When caregiving involves taking care of your loved elder ones especially mom or dad, you don’t have to put them in assisted living. You want them to keep living with you if possible. And this is true not just because assisted living is expensive but also because your emotional side kicks in when it is about your dad or mom who raised you.
Keeping your elders with you is a great thing if it does not harm anyone in the house – emotionally or physically. But caregiving can never be underestimated. It is one of the most challenging jobs in the world.
At times, the caregiver can experience stress and isolation, which if left neglected can lead to serious health concerns. This is the least that you want when you are the primary caregiver for your ill dad or mom. There’s a lot that you can do to keep stress, isolation, and sadness at bay while you are caregiving for your loved ones in the family.
Here’re some quick tips that can help you feel loved and decrease your stress and physical strain, so you never think about taking your elderly loved ones to assisted living and keep them with you for as long as possible.
Being realistic about the situation is key
If you have been the caregiver for some time, it is important to take a few minutes and calculate how much care you can offer without burning yourself too much and putting your happiness and health at risk. Be realistic about what is possible, so you’re not stressed while taking care of your sick loved ones in the family.
Understand the magnitude of care needed
You can end up being too busy with the day-to-day caregiving activities that you fail to take a holistic view and look at the bigger picture. Caregiving is not for a day or two; it can last for a few months or even years.
Make a list of all the things and activities caregiving involves. Note down what things you do at what time of the day for at least a week. After that, refer to your notes, and you’ll start finding a pattern to what your elder needs while caregiving. This will help you plan better, be organized and have some time to give to yourself to relieve some stress.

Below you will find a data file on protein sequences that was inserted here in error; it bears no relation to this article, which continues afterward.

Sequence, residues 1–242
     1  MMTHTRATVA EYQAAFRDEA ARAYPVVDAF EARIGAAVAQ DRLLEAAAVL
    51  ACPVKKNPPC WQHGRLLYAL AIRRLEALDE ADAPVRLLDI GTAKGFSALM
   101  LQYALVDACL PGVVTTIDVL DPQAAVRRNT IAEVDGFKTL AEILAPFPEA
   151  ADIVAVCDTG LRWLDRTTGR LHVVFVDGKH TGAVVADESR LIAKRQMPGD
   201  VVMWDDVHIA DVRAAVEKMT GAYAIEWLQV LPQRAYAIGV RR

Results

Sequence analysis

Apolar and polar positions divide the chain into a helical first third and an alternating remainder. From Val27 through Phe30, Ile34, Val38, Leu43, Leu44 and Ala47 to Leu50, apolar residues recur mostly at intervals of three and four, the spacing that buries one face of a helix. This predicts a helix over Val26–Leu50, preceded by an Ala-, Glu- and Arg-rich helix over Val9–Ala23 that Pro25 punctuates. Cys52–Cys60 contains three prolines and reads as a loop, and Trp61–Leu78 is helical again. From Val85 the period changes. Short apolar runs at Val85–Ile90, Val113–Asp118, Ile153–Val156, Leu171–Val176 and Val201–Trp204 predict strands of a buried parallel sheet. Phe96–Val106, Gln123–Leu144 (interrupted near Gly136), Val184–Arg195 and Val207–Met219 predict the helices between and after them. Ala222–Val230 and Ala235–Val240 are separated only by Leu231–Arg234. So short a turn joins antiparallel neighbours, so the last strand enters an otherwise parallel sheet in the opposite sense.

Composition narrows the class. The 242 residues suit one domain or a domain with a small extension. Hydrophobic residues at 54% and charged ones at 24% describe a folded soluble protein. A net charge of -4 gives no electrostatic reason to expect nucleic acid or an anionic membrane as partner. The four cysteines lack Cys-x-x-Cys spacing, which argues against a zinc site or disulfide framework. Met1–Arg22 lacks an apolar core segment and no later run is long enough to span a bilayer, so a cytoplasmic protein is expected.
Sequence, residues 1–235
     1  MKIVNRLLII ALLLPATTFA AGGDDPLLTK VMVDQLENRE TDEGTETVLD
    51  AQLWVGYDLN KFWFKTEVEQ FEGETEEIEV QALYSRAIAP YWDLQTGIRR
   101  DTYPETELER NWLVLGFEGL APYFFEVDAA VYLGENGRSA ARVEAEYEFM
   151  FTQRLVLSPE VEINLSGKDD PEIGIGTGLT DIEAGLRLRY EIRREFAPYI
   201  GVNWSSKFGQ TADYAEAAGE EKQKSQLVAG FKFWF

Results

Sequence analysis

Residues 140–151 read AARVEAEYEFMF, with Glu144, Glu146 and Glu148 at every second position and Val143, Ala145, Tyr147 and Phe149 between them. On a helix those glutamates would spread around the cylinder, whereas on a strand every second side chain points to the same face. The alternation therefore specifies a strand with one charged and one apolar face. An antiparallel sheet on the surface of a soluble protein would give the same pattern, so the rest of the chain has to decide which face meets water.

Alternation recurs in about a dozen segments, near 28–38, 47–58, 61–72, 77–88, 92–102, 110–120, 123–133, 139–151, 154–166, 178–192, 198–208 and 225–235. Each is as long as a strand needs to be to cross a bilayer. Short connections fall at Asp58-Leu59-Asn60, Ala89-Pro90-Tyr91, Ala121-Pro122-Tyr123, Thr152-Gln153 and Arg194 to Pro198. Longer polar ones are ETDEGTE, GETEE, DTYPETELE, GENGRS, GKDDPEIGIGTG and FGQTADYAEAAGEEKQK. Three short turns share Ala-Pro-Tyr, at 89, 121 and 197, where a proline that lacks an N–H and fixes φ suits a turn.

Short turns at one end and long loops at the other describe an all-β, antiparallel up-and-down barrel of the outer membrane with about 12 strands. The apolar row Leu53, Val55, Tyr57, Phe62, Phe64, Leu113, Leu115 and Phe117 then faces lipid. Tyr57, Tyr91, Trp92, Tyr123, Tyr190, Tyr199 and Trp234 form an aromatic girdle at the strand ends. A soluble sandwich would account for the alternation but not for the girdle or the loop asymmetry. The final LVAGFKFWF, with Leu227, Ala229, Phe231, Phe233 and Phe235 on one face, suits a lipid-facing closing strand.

Share your caregiving responsibilities with others in the family
Asking for help when needed is key. Look around and discuss your caregiving duties with others in the family – your partner, kids, extended family or friends. Identify tasks that they can do like shopping, taking the elderly to doctors, spending time with them, doing their laundry, etc.
This will help you get breaks from your everyday busy caregiving schedule and give you an opportunity to bond with your friends or other caregiving community groups to release some pressure.
Discuss with your family about what they can easily take up and be flexible in sharing caregiving activities with them, so they don’t feel under the pump too.
Keep your financial pressure low
Let’s admit – caregiving is not cheap. Offering care for an elderly member of the family can be quite expensive and lead to financial pressure in no time. Keeping an eye on the caregiving costs and cutting back on them where possible will keep you stress-free and reduce that financial pressure.
Look for extra help
Being the primary caregiver, everyone expects you to be doing absolutely everything for the elders. And this can be hard to accomplish as you need some time for yourself too.
Identify tasks that can be given to others and look for ways how you can save some time for yourself. Be creative in how tasks can be done differently and be patient so that you can think better.
Discuss with your family and seek help from them to take up a caregiving task on a regular basis. You can start taking your elders to local adult day programs where they can spend a few hours with other elders and socialize a bit. This can be great in giving you some free hours during the day for yourself.
Look around for in-home caregiving support and hire someone to help. Make use of online services where you can to save time – for example, order your shopping things online, so they get delivered to your doorstep.
Anything that helps you save time can be a bonus while caregiving.
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